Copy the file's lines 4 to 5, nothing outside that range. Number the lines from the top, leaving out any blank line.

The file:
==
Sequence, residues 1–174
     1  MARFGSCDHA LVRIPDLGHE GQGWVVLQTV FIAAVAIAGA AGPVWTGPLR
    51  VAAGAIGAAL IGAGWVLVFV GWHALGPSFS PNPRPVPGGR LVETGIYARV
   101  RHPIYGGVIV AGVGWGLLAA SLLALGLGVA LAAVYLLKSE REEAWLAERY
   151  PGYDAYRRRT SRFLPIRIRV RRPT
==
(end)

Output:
   101  RHPIYGGVIV AGVGWGLLAA SLLALGLGVA LAAVYLLKSE REEAWLAERY
   151  PGYDAYRRRT SRFLPIRIRV RRPT